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Polyploidy in Liver Regeneration and Adaptation to Chronic Liver Injury

Wilkinson, Patrick (2019) Polyploidy in Liver Regeneration and Adaptation to Chronic Liver Injury. Doctoral Dissertation, University of Pittsburgh. (Unpublished)

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The liver contains diploid and polyploid hepatocytes (tetraploid, octaploid, etc.), with polyploids comprising ≥90% of the hepatocyte population in adult mice. Moreover, polyploid hepatocytes form multipolar spindles in mitosis, leading to individual chromosome gains and/or losses and random aneuploidy. The molecular mechanisms that regulate polyploidization have been well-characterized; however, it is unclear if diploid and polyploid hepatocytes function similarly in multiple contexts. The effect of aneuploidy on liver function is also unknown and the degree of liver aneuploidy is debated, with reports showing aneuploidy affects 5-60% of hepatocytes.
We used mice lacking E2f7 and E2f8 in the liver (LKO), which have a polyploidization defect. We found diploid hepatocytes were enriched 20-fold in LKO livers and nearly all LKO hepatocytes were euploid compared to control hepatocytes, which were mostly aneuploid, suggesting polyploids are required for production of aneuploid progeny. Livers from LKO mice maintained normal function but became highly tumorigenic when challenged with tumor-promoting stimuli, suggesting that tumors in LKO mice were driven, at least in part, by diploid hepatocytes capable of rapid proliferation. Indeed, LKO hepatocytes were more proliferative and out-competed control hepatocytes in competitive repopulation studies. To eliminate potentially confounding effects associated with E2f7/E2f8 deficiency, diploid and polyploid hepatocytes from wild-type mice were examined. The wild-type diploid cells also showed a proliferative advantage, entering and progressing through the cell cycle faster than polyploid cells, both in vitro and during liver regeneration. Finally, to investigate the role of diploids and polyploids in chronic injury we bred LKO mice onto a tyrosinemia background, a disease model where the liver can develop disease-resistant, regenerative nodules. Survival was significantly reduced in tyrosinemic LKO mice, compared to controls, but they maintained the ability to form regenerative nodules. Molecular analyses revealed that the nodules in the tyrosinemic livers were generated via aneuploidy and inactivating mutations.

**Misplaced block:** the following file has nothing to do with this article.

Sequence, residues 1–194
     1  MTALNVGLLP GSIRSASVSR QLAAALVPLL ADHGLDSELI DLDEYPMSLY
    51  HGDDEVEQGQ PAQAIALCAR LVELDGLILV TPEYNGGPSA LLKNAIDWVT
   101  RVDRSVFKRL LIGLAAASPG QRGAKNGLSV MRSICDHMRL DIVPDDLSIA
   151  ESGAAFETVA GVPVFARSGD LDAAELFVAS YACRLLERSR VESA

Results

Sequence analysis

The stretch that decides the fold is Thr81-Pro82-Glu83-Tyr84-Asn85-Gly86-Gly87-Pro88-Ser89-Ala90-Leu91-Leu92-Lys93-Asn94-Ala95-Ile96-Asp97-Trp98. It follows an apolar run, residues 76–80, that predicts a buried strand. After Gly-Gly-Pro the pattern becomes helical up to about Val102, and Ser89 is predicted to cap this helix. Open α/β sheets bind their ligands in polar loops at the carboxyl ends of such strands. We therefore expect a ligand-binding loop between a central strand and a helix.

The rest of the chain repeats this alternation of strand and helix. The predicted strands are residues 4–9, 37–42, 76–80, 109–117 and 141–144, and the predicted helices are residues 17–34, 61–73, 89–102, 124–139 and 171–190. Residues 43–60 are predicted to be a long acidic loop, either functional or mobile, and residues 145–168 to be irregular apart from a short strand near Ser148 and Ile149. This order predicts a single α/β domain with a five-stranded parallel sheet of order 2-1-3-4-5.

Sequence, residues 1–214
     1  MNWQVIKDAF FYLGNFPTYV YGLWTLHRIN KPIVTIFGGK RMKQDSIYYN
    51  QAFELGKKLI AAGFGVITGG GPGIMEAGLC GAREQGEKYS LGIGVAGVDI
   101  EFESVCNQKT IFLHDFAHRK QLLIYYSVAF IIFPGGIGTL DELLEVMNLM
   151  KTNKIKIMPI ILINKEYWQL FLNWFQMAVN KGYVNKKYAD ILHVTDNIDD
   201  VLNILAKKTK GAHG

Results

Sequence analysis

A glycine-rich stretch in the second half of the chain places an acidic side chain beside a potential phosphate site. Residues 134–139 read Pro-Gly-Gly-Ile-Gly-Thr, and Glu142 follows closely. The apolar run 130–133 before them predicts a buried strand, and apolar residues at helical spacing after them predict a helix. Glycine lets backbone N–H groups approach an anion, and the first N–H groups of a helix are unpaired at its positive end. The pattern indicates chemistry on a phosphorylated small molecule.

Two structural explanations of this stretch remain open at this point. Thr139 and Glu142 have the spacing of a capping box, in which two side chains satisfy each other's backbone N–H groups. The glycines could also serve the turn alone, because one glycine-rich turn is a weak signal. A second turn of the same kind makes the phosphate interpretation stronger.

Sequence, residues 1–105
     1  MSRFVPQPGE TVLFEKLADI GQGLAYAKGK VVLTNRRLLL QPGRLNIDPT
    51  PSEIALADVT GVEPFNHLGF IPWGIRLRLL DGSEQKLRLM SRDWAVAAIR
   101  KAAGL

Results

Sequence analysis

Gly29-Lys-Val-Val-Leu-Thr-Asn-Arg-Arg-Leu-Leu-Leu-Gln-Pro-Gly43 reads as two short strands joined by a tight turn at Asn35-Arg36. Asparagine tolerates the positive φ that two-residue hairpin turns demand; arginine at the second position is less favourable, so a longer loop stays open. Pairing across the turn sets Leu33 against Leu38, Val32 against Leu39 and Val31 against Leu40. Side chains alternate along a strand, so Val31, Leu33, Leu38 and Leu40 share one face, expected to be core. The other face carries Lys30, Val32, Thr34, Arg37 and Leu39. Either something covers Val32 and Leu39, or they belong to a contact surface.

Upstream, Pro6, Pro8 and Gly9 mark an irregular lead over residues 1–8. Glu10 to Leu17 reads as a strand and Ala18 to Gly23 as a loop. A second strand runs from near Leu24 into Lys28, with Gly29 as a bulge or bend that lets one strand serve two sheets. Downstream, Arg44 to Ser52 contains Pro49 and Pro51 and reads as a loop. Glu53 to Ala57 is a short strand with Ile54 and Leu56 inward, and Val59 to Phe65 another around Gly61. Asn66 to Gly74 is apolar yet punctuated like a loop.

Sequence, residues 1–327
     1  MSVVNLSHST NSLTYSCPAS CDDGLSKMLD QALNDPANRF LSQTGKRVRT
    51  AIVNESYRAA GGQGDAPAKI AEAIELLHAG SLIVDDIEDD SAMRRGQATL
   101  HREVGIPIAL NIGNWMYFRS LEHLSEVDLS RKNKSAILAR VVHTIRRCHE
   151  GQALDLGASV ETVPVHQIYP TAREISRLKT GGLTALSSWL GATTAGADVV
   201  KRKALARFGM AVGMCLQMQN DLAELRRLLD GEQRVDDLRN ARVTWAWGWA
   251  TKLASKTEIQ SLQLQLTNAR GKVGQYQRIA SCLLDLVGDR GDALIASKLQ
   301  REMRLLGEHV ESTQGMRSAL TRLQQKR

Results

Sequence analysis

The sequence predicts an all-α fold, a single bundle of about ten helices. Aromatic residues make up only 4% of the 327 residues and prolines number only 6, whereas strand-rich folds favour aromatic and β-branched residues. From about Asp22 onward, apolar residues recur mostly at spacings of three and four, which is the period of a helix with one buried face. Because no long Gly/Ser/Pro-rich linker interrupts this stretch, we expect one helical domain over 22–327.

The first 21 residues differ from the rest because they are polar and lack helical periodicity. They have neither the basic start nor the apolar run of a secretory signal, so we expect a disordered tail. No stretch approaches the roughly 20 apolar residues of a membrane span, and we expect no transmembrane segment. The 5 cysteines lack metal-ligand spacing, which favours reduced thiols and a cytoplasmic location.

In summary we identified diverse, context-specific roles for diploids and polyploids in liver function, demonstrating diploid hepatocytes are the most proliferative and have the highest capacity for liver regeneration, and polyploid hepatocytes are required for the formation of aneuploid progeny and facilitate adaptation to chronic liver disease.


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Item Type: University of Pittsburgh ETD
Status: Unpublished
CreatorsEmailPitt UsernameORCID
Wilkinson, Patrickpdw14@pitt.edupdw140000-0001-6643-8599
ETD Committee:
TitleMemberEmail AddressPitt UsernameORCID
Committee ChairLocker, JosephJLOCKER@pitt.edujlocker
Committee MemberMonga, Satdarshan (Paul)smonga@pitt.edusmonga
Committee MemberMars, Wendywmars@pitt.eduwmars
Committee MemberProchownik, Edwardprochownikev@upmc.eduevp4
Thesis AdvisorDuncan, Andrewduncana@pitt.eduduncana
Date: 9 August 2019
Date Type: Publication
Defense Date: 17 April 2019
Approval Date: 9 August 2019
Submission Date: 16 June 2019
Access Restriction: No restriction; Release the ETD for access worldwide immediately.
Number of Pages: 176
Institution: University of Pittsburgh
Schools and Programs: School of Medicine > Pathology
Degree: PhD - Doctor of Philosophy
Thesis Type: Doctoral Dissertation
Refereed: Yes
Uncontrolled Keywords: Liver, Polyploidy, Regeneration, Chronic Injury
Date Deposited: 10 Aug 2019 03:21
Last Modified: 10 Aug 2019 03:21


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